WHAT IS LEGALISM? LEGALISM AT THE PARTY
After the Prodigal Son came home, his father threw a massive party to celebrate his return. A fattened calf was slaughtered, a ring was given, and everyone danced for joy. I like to imagine some karaoke as well.
Everyone was ecstatic except the elder brother (typical first born).
He griped at his dad:
Look, these many years I have served you, and I never disobeyed your command, yet you never gave me a young goat, that I might celebrate with my friends. But when this son of yours came, who has devoured your property with prostitutes, you killed the fattened calf for him! (Lk 15:29–30)
The older brother was angry because the younger brother didn’t get what he deserved. He got grace. He got mercy. He got a party. He got a happy reception and a calf and a ring, even though he had wasted his entire inheritance on loose women, booze and being the life of the party.
The older, obedient brother had never gotten a party, and that really bugged him. He had always followed his father’s commands to the letter, and yet here was his dad running to celebrate the younger brother.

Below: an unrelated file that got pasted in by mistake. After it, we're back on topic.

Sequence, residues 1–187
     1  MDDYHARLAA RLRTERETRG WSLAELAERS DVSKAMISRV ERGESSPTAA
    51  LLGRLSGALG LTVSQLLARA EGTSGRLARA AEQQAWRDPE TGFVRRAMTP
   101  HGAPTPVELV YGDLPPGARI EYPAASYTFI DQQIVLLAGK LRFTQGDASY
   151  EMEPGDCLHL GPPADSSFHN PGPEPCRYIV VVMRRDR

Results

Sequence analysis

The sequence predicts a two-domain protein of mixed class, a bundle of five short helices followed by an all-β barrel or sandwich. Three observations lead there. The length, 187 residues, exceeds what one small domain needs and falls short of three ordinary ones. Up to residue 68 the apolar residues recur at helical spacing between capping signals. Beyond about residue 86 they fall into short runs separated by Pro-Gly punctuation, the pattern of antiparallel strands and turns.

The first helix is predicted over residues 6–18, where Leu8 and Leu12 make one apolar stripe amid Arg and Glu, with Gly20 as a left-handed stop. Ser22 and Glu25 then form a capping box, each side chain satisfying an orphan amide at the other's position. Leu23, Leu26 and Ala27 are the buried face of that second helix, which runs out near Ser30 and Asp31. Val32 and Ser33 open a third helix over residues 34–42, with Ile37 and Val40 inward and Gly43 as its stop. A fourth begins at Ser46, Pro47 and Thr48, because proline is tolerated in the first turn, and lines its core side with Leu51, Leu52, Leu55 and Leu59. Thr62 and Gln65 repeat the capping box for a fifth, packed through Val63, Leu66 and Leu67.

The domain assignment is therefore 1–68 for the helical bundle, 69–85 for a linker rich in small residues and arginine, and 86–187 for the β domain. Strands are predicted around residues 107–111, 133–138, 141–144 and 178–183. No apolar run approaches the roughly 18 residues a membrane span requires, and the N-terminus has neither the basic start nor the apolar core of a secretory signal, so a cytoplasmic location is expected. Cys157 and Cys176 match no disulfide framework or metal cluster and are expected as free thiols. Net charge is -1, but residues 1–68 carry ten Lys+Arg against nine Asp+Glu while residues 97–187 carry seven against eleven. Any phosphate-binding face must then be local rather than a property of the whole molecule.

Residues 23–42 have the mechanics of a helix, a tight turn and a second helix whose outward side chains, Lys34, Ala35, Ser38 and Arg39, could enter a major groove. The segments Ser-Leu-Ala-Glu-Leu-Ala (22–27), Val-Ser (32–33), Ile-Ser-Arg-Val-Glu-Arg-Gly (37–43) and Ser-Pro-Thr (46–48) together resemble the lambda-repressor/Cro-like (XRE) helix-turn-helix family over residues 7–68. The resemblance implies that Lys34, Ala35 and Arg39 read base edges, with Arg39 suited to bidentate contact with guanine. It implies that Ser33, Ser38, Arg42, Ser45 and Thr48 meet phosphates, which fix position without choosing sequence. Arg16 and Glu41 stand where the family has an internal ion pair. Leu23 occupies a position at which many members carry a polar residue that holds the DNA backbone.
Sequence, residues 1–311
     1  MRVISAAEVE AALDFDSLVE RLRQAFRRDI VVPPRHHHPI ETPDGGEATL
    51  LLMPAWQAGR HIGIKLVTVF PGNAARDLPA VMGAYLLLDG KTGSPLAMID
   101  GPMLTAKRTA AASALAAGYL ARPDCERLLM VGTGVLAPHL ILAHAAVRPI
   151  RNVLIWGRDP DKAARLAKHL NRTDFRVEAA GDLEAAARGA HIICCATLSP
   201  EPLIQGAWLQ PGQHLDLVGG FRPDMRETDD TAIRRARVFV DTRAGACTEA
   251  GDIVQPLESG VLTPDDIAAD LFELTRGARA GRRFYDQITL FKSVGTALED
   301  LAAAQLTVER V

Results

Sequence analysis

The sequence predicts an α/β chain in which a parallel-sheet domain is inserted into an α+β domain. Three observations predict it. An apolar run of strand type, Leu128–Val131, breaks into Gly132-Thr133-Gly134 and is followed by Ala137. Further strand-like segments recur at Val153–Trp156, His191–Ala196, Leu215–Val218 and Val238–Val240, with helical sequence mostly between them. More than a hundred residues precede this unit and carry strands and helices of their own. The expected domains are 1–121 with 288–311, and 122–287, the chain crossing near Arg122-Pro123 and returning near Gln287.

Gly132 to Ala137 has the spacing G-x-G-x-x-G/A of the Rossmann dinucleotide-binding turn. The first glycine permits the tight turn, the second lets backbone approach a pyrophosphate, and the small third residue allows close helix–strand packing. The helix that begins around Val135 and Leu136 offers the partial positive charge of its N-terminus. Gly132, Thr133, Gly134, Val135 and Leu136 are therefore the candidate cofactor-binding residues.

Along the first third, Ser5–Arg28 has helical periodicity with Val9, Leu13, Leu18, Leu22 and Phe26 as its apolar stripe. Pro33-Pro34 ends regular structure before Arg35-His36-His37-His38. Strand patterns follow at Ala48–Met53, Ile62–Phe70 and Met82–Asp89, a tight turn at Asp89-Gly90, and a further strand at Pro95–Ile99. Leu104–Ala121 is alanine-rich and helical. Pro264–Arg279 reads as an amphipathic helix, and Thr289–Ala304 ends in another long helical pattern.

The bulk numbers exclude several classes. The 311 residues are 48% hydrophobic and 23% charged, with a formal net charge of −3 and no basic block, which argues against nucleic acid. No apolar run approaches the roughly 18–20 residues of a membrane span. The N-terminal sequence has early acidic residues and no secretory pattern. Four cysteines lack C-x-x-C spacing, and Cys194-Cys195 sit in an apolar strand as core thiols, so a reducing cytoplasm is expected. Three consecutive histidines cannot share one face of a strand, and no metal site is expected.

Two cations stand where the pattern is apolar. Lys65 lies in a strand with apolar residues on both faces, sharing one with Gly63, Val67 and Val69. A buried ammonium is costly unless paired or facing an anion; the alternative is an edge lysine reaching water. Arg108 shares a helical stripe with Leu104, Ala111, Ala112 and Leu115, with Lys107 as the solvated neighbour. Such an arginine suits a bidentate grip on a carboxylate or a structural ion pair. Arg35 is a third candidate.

Something was backward about that.
WHAT IS LEGALISM? LEGALISM TURNS US INTO TERRIBLE ACCOUNTANTS
The weird thing about legalism is that it tends to make us really bad at math.
What do I mean by that?
Legalism turns us into blessing accountants. We see the blessings God has given others, and we feel that an accounting mistake has been made by God. That somehow God has forgotten to give us the wages we deserve. That our obedience has earned a specific amount from God and that God hasn’t delivered on that amount.
We weigh our obedience against our blessings and come to the conclusion that our obedience outweighs what we’ve received.
God! I’ve done the obeying, yet they’ve received the children/ministry/house/spouse/any other blessing! This is patently UNFAIR! Where is my blessing? Where is my reward?
This is the insanity of legalism. It leads me to forget absolutely everything God has done for me and given me and instead obsess over what God has given someone else.